Chang heard the ancient screams. Undoubtedly the man holding the video set ducked for his life, for the picture jerked and twisted, but the scout pilot saw the clouds of black-powder smoke float into the sky.
The Terran soldiers around the starship returned fire automatically opening up with small arms, rocket and grenade launchers, and recoilless shells from the armored fighting vehicle that had somehow squeezed into position close by.
When the video straightened, the starship was holed and all but two of the aliens down. The survivors gaped at their fallen comrades. Neither had made the slightest move to reload his musket. Reading nonhumans' body language was always tricky, but Chang knew stunned horror when he saw it.
"'The Road Not Taken,'" B'kila murmured. "Back then, on Terra, they knew FTL travel was impossible forever. It was a rude shock when they found that a couple of simple experiments could have given them the key to contragrav and the hyperdrive three, four, even five centuries earlier."
"How did they miss them?" Chant asked.
"No idea—in hindsight they're obvious enough. What's that race that flew bronze ships because they couldn't smelt iron? And every species we know that reached what the old Terrans would have called a seventeenth-century technological level did what was needed—except us.
"But trying to explain contragrav and the hyperdrive skews an unsophisticated, developing physics out of shape. With attention focused on them, too, work on other things, like electricity and atomics, never gets started. And those have much broader applications—the others are only really good for moving things from here to there in a hurry."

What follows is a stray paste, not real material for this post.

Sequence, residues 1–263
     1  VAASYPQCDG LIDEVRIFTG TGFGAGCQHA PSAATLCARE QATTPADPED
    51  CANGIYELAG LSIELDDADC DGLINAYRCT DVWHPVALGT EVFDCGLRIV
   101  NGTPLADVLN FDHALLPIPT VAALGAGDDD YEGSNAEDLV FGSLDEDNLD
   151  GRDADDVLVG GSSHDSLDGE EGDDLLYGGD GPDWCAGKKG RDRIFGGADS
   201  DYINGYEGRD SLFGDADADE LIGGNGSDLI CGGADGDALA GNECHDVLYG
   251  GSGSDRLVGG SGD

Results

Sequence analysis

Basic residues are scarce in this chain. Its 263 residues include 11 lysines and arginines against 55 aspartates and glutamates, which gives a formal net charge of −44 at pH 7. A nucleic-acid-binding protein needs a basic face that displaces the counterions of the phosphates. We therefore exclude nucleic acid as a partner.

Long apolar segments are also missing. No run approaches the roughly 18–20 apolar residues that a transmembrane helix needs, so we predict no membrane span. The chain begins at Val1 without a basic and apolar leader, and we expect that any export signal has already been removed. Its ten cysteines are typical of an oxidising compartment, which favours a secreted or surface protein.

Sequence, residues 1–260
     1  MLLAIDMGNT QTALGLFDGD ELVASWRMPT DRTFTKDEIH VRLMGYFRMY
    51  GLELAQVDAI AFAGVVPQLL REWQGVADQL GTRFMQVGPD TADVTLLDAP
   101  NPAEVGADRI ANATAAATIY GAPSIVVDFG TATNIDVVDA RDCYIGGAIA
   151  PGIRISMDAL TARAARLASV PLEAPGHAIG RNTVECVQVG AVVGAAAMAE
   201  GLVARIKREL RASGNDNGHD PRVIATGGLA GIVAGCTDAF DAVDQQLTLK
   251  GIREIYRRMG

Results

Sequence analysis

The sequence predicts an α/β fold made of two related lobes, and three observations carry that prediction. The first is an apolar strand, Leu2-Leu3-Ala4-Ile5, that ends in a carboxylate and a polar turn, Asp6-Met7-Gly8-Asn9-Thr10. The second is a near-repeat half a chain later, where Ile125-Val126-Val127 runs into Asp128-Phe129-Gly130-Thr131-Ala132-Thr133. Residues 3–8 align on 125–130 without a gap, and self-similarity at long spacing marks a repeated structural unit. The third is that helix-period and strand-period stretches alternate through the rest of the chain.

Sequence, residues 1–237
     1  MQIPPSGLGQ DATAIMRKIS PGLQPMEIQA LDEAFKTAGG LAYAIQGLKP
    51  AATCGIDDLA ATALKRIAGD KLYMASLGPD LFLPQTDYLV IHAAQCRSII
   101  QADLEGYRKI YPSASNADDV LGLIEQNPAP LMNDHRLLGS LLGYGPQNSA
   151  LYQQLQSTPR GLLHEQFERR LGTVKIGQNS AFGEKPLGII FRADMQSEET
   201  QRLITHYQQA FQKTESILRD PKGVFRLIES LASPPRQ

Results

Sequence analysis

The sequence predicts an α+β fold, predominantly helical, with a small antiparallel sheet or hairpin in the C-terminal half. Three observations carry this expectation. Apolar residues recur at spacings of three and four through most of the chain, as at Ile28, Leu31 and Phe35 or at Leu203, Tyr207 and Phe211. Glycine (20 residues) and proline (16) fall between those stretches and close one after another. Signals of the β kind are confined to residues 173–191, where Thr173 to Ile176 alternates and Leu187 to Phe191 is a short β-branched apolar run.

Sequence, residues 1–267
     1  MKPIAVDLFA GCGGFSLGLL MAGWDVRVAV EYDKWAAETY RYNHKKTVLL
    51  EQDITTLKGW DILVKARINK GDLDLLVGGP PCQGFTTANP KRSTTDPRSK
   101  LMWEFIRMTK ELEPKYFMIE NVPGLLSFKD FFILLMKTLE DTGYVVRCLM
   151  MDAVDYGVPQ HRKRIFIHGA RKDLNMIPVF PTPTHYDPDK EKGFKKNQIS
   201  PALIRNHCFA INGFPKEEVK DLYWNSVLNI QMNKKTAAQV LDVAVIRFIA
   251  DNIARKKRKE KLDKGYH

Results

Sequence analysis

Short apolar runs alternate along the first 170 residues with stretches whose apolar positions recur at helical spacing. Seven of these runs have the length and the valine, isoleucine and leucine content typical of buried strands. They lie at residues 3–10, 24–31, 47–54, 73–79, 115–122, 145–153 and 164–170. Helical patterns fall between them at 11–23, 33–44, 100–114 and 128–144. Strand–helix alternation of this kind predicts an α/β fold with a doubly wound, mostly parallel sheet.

With a chuckle. Chang said, "We must have seemed like angry gods when we finally got the hyperdrive and burst off Terra. Radar, radio, computers, fission and fusion—no wonder we spent the next two hundred years conquering."
"No wonder at all," B'kila agreed soberly. "But the Confederacy grew too fast and got too big to administer, even with all the technology we had. And unity didn't last forever. None of our neighbors could hurt us, but we did a fine job on ourselves. Someone back then wrote that it was only sporting for humans to fight humans; no one else gave any competition."
"And so, the Collapse," Chang said.
"And here we are, on Loki and a few ether worlds, picking over the pieces, a scrap from here, fragment from there, and one day we'll have the puzzle together again—or maybe a new shape, better than the one before . . . if we get the time. But those four missing ships frighten me." That was a word Chang had never heard her use before. "I still don't see how they disappeared. There's no one out there."
"No one we know of," B'kila corrected. "But I keep thinking that a road traveled once might be traveled twice."
As he took her meaning, Chang felt the little hairs at the nape of his neck trying to stand up. She finished low and fierce. "Find out what happened. And come back."
"Any other little favors you'd like?" Praise of Folly's computer had demanded when Chang described the mission. "Shall I write the suicide note, too? I won't go. I tell you—I'd end up in the scrapper there just as much as you."
"Shall I shift into override mode?" Chang snapped, in no mood for backtalk,
"No, don't," the computer said with poor grace. "It always leaves me slow and stupid for a couple of days afterwards."
Surly was a better word, the scout pilot thought, but held his peace. The takeoff was as smooth as takeoffs under contragrav always were, the shift into hyperdrive as brutal as the others Praise of Folly had been making lately. Chang staggered into the head and threw up. When he came out, he asked plaintively; "Isn't there any way to smooth that out?"